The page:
Sorrel (Rumex acetosa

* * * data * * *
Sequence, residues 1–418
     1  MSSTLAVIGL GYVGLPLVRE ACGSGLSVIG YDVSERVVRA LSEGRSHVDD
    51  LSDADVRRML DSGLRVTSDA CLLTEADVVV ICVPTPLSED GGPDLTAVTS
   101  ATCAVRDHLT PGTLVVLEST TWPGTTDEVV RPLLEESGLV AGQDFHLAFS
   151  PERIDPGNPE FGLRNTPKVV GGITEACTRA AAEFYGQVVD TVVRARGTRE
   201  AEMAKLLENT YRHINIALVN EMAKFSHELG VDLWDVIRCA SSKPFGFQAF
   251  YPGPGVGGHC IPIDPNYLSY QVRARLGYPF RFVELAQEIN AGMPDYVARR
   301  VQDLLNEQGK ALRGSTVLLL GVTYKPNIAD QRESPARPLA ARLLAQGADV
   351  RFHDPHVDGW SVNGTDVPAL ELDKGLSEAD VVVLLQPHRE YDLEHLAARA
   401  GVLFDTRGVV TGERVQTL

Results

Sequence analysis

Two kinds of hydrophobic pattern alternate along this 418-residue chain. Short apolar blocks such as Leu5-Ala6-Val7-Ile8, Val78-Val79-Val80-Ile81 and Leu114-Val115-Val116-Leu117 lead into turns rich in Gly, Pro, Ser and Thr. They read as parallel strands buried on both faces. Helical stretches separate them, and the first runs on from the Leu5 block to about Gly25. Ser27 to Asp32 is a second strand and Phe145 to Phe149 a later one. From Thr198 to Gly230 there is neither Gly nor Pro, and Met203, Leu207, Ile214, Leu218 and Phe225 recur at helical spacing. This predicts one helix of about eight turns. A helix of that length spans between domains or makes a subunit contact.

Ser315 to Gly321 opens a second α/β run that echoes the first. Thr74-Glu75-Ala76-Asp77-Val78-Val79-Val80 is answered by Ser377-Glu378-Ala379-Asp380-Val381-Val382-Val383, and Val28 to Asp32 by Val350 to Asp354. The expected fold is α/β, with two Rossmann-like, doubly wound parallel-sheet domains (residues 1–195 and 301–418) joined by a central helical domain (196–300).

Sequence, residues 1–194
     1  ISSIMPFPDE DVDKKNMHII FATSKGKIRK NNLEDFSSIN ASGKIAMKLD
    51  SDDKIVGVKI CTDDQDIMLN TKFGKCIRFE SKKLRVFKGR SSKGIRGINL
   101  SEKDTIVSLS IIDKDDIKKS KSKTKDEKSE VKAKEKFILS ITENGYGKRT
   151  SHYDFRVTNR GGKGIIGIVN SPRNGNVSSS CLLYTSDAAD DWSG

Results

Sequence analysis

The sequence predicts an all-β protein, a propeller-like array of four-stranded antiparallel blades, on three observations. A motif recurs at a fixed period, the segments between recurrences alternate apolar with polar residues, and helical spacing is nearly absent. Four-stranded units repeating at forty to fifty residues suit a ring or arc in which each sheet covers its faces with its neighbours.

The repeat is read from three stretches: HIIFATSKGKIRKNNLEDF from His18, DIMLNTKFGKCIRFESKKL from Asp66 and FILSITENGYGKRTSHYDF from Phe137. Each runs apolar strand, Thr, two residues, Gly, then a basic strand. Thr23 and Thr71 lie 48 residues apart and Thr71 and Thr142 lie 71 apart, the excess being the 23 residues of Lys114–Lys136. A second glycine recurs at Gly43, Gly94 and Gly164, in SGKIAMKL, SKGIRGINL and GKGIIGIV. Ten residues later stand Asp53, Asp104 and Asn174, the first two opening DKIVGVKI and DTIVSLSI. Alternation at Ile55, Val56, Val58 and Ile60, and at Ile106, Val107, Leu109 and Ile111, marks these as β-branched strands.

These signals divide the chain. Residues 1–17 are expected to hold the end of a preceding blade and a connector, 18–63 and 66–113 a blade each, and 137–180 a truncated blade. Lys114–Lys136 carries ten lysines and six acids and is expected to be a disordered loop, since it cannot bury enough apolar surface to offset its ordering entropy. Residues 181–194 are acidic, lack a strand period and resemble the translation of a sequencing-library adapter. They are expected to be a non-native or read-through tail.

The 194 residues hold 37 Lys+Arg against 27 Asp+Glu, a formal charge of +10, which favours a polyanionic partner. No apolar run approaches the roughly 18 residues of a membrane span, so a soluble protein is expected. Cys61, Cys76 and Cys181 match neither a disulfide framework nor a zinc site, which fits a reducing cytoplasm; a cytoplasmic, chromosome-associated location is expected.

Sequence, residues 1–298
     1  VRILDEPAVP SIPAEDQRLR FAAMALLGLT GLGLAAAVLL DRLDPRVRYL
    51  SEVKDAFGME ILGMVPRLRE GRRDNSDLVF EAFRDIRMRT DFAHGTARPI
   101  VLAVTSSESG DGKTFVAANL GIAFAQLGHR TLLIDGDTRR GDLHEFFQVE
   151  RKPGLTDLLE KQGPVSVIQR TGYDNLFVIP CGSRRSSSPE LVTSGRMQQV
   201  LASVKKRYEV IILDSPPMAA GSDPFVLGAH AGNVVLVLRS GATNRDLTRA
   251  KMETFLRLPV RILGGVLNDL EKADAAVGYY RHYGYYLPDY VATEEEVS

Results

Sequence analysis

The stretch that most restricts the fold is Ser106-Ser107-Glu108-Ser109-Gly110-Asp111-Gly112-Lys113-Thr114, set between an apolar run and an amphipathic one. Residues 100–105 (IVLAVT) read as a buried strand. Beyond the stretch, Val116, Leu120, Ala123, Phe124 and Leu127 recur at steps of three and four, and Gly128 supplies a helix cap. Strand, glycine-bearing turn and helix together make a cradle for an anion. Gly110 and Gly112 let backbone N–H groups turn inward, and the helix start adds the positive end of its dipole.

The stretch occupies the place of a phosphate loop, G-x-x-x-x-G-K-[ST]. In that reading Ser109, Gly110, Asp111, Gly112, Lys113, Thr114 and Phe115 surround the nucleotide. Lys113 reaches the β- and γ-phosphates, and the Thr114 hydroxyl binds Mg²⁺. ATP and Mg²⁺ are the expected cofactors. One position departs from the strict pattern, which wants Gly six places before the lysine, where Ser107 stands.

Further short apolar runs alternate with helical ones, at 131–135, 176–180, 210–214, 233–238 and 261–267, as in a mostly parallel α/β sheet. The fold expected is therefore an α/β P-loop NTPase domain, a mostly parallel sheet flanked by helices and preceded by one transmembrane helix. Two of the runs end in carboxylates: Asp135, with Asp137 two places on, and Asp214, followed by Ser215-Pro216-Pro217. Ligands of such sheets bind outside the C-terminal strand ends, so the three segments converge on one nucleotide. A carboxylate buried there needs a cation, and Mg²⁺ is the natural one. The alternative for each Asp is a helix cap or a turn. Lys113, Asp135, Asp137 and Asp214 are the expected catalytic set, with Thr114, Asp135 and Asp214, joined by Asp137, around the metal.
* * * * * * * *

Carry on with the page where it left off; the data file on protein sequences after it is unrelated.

L.) is a perennial wild herb appreciated as a folk medicine and for use in folk-traditional cuisines, and its nutraceutical properties are increasingly known and studied. Nowadays, there is a lack of knowledge about the possibility of using this species as fresh-cut produce, and no reports have investigated the physiological/biochemical changes of sorrel leaves upon storage. To test the aforementioned, sorrel seedlings were cultivated in a floating system and two consecutive harvests took place: The first cut at 15 days (C1) and second cut at 30 days (C2) after sowing. Fresh-cut sorrel leaves from C1 and C2 were stored in plastic boxes at 4 °C for 15 days and chlorophylls, carotenoids, total phenols, flavonoids, ascorbic acid, and antioxidant capacity were evaluated during the storage period. During storage, sorrel leaves from the same cut did not show significant changes in total phenolic content and antioxidant capacity, which represents a positive outcome for the maintenance of the nutraceutical value of this species. For this reason, sorrel may be a very promising species as a “new” fresh-cut leafy vegetable. However, some differences were observed between the two cuts, especially in the total flavonoid and the total ascorbic acid contents. While promising, further research will be necessary to standardize the yield and the nutraceutical content of this species in different cuts, which will be necessary to introduce and promote sorrel to consumers.
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